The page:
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WHERE ARE THEY NOW? KARL DYKHUIS
Where are they now? Karl Dykhuis
 
MONTREAL | August 19th, 2014
Where are they now? Karl Dykhuis
The Canadiens didn’t pile up 100 years of history without the blood,sweat and tears of the over 750 players to have ever worn the uniform. From the likes of Donald Audette to Zarley Zalapski, there are former Habs scattered all over the world. Although many hardcore Canadiens fans can rattle off the career accomplishments of hundreds of their old heroes, the question remains: what are these guys up to today? On the hot seat today: Karl Dykhuis.

Where are you living these days?
For the last several years, I’ve been living on Montreal’s North Shore in Blainville.

What kind of work are you involved in?
For the past year and a half, I’ve been working for Réserve & Sélection, a wine agency. We were recently purchased by Trialto Wine Group Limited. When my playing career was over, I still wasn’t sure what I wanted to do. I worked in the media for a bit, doing some radio and television, but it didn’t really get me engaged. Looking to do something I could be passionate about, I decided to take a sommelier training course, and I liked it a lot more than I thought I would. My real passion for wine started when I got my NHL career going with the Phildelphia Flyers. One night when we were on the road, Craig MacTavish invited me to dinner with him and some other teammates. I was used to ordering the house wine at restaurants. I thought they were good. But, during that meal, the waiter poured me a glass from one of the better bottles of wine ordered by the other players. Right from the first sip, I never thought any liquid on Earth could taste as good as that. That’s where my interest in wine began.

During your playing days, did you give your teammates advice on wines?
When I arrived in Montreal in 1999, more than a few players on the team already knew even more than I did about wine. Guys like Brian Savage, Craig Rivet, Saku Koivu, Patrice Brisebois and equipment manager Pierre Gervais were really interested in the bigger wines from around the world. Often, when we were on the road and there wasn’t much to do, we went into big wine stores to find a few gems. It was like a treasure hunt between us in each city!

How many times a year do you lace up your skates?
I didn’t hit the ice for the first two years after my retirement. But, for the past few years, I’ve been lucky enough to play many games with the Canadiens alumni. Last year, I played in about 40 games and this year I’ll play in at least 30 games. I feel privileged to still have the chance to head back out on the road with those guys. It’s a lot of fun to travel to many different cities and help people because the majority of the time, we’re playing for charitable causes.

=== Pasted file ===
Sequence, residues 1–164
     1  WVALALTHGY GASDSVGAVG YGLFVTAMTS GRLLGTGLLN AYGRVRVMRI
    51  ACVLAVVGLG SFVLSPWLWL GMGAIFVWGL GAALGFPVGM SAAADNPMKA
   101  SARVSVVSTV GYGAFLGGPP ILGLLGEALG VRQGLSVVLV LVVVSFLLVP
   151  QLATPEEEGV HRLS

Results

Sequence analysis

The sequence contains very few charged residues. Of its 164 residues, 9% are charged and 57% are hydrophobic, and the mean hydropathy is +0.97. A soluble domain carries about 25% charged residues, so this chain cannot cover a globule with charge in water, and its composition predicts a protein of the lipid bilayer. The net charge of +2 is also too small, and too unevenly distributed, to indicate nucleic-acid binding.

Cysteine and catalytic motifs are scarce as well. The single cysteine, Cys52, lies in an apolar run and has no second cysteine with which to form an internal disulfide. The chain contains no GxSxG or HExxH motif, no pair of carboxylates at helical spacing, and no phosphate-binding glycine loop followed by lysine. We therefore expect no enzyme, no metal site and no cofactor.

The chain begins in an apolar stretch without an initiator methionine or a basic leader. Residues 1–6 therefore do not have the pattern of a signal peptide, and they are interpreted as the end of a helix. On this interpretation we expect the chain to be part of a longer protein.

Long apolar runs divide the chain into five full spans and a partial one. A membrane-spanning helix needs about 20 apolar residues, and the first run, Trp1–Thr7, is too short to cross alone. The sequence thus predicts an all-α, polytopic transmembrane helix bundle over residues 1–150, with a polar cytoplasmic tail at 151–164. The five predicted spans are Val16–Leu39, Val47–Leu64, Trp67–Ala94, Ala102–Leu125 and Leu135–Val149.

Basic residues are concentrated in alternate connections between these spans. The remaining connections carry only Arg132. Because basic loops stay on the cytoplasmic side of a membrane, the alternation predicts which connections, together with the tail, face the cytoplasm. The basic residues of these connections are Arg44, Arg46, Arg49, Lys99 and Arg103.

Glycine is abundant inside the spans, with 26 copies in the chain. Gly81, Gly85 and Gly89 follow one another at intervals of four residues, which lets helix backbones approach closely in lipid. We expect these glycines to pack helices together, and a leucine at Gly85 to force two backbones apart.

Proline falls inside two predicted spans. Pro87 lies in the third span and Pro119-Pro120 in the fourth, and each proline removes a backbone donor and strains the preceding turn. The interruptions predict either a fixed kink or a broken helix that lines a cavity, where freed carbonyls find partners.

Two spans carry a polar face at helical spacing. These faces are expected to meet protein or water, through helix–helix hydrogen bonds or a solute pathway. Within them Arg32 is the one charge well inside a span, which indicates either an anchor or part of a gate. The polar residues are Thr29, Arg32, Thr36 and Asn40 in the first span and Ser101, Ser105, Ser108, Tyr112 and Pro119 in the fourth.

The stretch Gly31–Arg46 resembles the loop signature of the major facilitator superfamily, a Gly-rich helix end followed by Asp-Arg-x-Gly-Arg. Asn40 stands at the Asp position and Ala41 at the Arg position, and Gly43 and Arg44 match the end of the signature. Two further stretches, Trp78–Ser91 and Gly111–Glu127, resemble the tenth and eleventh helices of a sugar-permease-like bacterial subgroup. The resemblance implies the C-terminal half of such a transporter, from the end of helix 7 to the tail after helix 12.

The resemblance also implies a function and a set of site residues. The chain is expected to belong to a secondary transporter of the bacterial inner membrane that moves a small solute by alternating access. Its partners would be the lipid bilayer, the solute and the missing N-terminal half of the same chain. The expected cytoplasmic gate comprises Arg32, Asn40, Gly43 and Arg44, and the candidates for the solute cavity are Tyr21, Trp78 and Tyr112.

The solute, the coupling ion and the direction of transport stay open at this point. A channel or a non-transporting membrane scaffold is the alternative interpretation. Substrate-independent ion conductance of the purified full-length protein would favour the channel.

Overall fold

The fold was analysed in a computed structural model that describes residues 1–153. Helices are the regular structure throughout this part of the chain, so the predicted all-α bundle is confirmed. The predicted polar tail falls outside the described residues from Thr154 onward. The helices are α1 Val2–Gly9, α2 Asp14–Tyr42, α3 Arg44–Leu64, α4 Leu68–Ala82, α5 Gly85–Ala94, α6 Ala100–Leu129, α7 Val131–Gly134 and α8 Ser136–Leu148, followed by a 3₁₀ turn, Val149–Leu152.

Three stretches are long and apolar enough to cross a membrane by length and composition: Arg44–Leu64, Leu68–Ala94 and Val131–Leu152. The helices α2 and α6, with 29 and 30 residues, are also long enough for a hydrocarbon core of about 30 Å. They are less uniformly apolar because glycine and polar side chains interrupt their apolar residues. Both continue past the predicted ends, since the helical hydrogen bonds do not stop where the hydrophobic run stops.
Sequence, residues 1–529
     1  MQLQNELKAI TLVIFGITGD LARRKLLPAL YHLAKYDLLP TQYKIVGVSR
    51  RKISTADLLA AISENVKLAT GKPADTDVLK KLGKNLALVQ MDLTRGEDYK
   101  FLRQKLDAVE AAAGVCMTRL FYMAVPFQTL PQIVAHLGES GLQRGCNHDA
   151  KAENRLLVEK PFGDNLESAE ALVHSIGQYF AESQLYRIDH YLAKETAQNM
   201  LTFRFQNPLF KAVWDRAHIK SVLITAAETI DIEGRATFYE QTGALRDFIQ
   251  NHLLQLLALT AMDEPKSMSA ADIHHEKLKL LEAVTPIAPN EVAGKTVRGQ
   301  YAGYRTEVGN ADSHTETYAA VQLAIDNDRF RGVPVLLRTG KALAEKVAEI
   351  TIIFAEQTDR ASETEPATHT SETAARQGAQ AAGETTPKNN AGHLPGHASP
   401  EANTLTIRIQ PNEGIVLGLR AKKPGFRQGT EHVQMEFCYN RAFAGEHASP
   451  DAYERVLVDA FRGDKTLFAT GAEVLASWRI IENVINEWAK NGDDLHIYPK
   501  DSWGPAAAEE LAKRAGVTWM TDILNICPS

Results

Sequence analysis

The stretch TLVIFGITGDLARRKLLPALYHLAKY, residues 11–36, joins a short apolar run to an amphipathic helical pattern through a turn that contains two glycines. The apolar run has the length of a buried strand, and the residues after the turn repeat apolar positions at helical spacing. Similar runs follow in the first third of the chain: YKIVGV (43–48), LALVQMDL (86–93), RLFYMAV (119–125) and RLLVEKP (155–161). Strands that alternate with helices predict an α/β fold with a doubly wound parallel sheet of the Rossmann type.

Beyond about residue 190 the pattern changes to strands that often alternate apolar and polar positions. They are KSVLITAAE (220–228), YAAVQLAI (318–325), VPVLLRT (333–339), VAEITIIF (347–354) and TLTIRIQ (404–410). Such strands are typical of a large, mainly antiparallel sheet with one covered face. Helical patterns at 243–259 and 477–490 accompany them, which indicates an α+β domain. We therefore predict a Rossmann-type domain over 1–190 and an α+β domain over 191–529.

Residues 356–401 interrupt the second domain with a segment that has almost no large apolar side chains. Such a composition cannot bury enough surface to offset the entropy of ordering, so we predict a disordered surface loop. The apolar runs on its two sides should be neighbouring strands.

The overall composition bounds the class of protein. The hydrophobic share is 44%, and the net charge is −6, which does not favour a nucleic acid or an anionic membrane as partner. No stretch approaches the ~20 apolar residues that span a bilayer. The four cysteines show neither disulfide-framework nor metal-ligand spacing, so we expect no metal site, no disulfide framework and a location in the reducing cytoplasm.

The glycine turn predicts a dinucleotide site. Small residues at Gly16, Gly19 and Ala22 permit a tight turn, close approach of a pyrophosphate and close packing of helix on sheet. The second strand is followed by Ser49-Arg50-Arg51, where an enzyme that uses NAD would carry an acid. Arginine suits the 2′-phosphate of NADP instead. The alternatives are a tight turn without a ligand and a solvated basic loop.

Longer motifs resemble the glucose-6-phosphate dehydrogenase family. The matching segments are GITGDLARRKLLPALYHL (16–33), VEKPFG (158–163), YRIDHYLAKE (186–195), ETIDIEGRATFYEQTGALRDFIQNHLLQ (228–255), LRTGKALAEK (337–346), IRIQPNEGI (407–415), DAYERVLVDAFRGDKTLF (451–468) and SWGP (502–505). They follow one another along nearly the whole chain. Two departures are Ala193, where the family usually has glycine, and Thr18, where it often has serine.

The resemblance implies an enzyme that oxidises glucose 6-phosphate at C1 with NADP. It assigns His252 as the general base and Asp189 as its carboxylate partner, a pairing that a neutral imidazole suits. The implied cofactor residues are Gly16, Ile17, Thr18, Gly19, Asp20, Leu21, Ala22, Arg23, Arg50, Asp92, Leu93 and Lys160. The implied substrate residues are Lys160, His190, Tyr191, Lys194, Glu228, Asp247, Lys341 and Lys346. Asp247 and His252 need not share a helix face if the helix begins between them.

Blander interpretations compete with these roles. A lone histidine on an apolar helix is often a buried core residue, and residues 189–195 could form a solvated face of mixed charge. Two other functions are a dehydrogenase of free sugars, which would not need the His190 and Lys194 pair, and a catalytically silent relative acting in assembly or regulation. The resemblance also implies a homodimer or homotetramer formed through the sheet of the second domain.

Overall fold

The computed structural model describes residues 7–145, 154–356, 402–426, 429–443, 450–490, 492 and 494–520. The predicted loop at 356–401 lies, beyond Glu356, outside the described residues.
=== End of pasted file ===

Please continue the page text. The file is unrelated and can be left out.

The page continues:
Do you still follow what’s going on with the Canadiens?
When I retired, I didn’t miss a single Canadiens game on television. I was working in radio at the time. But, since I’ve been working in my current position full-time, I’m not as consistent when it comes to watching games as I was before. Still, every morning I take some time to check out the sports headlines to see if they won and get up-to-date on the latest news about the team.

Is there one game in particular that stands out from your stint with the Canadiens?

The games that we played against Toronto or Boston stand out for me, but especially the games  against the Maple Leafs. The atmosphere in the Bell Centre was electric. It’s really difficult to name just one. I’m emotional just thinking about it. 

What is your favorite Canadiens collectible among those that you own?

I’d say the bottles of wine that I bought on the road at the time! Back then, I was able to buy some really good wines. I’ve still got a lot of them in my wine cellar, but I’m not looking to open them up anytime soon. I won’t have a choice in the next few years though!

You played for a few teams over the course of your career. Where would you rank your stay in Montreal?
I lived many great moments in Montreal and at the Bell Centre. The team has so much history. My brain gets going at 100 mph just when I think about all the different emotions I experienced when I played for the Canadiens. I really enjoyed living in Old Montreal and on Nun’s Island, talking to the people and being surrounded by the incredible Montreal fans at each game. There were some games that were easier than others, but those were unforgettable moments.